01-Jul-2018 marks the fifth anniversary for Japan Airlines’ service to Helsinki. The flight caters to Japan’s interest in visiting Finland and also gives JAL passengers a gateway to Europe via Finnair’s well-placed hub at Helsinki.
Might another Asian oneworld airline be looking at Helsinki?
Cathay Pacific’s recently launched Hong Kong-Copenhagen flight will come under significant pressure as SAS moves its Hong Kong-Stockholm flight to Hong Kong-Copenhagen, creating direct overlap. SAS will fly year-round, offer greater frequency, have operating advantages (using the lighter A330 against Cathay’s A350), and critically in a small market like Copenhagen – SAS will have a hub advantage.
This has resulted in some asking whether Cathay should look elsewhere in North Asia and move its Copenhagen service to Helsinki.
Finnair has been growing, but only recently has Finland enjoyed the same popularity
The Finnish capital Helsinki is home to Finnair, which has been rapidly growing in Asia. Whereas, over the past decade, SAS has had between three and four daily flights to Asia, Finnair has grown from having seven daily flights to Asia in 2008 to 13 in 2018.
Finnair and SAS average daily flights to Asia: 2008-2018
Unlike other European airlines, Finnair is stronger in Asia than North America. This is part of Finnair’s strategy to use its geographical position to link Asia with Europe: Helsinki is on, or close to, the travelled greater circle distance for many Asia-Europe city pairs.
Although Finnair has been growing in Asia for some time, Helsinki’s appeal has gained attention more recently and more quickly. This is largely the result of Finnair increasing its marketing of its home destination, promoting Finland as a stopover, or even the sole destination. Finnair has also improved its ticketing policies and website interface to encourage stopovers.
Finnair’s effort is partially the result of Finland putting pressure on Finnair to increase Finland’s economic benefit from the airline’s Asia growth; Finland’s growth in inbound Asia tourism was far from commensurate with Finnair’s Asia growth. Finnair is state-owned yet managed separately – but no airline can ignore government and industry sentiment.
Finland is being well positioned as a place to see; not just for the attractions of Helsinki, but also travel elsewhere for countryside scenic activities, winter outings, viewing the Northern Lights and visiting the “home” of Santa Claus.
What Finnair can do, Cathay cannot easily do
Finnair’s Helsinki hub is attracting market share for Europe-Asia travel (although profitability lags). But the fundamentals of the Helsinki hub are different for another airline, even a oneworld carrier. It would probably be too challenging for Cathay Pacific to switch its Copenhagen service to Helsinki.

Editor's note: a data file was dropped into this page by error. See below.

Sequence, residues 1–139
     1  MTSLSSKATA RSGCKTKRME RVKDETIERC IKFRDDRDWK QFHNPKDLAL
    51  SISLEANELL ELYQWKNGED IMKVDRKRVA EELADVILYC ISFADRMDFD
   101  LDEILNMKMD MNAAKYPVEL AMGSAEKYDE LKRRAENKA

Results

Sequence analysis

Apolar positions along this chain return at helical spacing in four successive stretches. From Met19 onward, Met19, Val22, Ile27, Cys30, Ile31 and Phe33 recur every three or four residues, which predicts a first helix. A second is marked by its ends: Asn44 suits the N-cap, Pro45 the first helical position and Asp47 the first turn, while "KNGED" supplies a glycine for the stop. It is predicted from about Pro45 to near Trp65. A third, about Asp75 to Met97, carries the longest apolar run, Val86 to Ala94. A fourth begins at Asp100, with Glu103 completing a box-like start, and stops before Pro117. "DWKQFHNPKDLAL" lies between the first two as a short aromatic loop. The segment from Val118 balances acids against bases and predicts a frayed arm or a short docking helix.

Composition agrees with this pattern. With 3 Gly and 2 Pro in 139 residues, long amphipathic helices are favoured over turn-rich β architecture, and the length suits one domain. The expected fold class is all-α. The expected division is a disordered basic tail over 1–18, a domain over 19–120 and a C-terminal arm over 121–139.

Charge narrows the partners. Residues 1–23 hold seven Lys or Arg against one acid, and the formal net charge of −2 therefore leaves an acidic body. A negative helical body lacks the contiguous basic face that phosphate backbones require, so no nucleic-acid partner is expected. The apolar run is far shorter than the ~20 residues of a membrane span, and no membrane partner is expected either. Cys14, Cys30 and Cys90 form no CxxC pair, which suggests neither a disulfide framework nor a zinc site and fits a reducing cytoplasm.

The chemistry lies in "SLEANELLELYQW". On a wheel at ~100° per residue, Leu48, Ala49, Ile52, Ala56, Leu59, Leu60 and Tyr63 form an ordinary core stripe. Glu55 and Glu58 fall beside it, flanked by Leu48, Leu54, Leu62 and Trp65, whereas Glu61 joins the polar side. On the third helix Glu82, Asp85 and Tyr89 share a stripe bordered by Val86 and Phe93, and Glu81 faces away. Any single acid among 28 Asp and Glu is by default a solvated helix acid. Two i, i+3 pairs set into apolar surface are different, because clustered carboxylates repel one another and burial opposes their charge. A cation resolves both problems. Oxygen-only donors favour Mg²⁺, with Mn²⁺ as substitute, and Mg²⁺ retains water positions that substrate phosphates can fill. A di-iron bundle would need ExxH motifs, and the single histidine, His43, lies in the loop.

Elsewhere in Asia, JAL opened a service to Helsinki in Jul-2013. Yet Japan, unlike Hong Kong, is much larger and has long been interested in Finland (especially the local designer Marimekko). The local Japanese market is exceptionally sticky towards a home airline – so they prefer Finnair over JAL.
So far as affects Cathay, Finnair has sufficiently stitched up the local Helsinki market. Cathay would need a partnership to access beyond traffic from Helsinki, which Finnair may be unwilling to supply since it would create competition. These scenarios are often solved through joint ventures.
JAL, Finnair and IAG are part of a Japan-Europe JV. Japan, however, operates air services with high yields, and is characterised by a lack of competition to Europe.
See related report from CAPA – Centre for Aviation: Europe-Japan airline market: anti-competitive JV concerns as 81% of capacity held by three groups
A potential Finnair-Cathay JV could mean that Cathay yields would be weighed down by Finnair’s low-yielding traffic – especially in the premium cabins.
There is a silver lining to route failure
If the worst happens and SAS’ move from Stockholm-Hong Kong to Copenhagen-Hong Kong means that Cathay exits Copenhagen, there is a silver lining: Cathay has committed to being more agile and dropping its ultra-conservative approach. Copenhagen is one of a number of new long haul destinations Cathay is launching seasonally, which is something it had not done for years (decades, even).
Network planning largely relies on forecasts of how existing traffic has flexibility and inclination to change routing. Predicting traffic stimulation is more difficult, yet is very much at the heart of Asian aviation growth.
There are some early Cathay successes: Barcelona was confirmed to be switched to year-round service before its first seasonal run ended. Cathay’s major expansion in Europe did result in the year-round service to Düsseldorf being cancelled (partially, but not solely, because of the collapse of Air Berlin, which had a base at Düsseldorf).
Airlines do carry dead weight on their networks but can take years to pull the plug.
Some destinations do turnaround, but many do not. Emirates President Tim Clark has called on airlines to be less risk-averse in their business planning. Mr Clark’s remarks are in the context of ordering the A380, but they can be extended to other areas too.
There is a significant gap between aviation and IT companies in terms of physical capital employed and the ease of moving it, but aviation is looking at how better to follow the IT world’s mantra of experimenting and, if needed – failing early.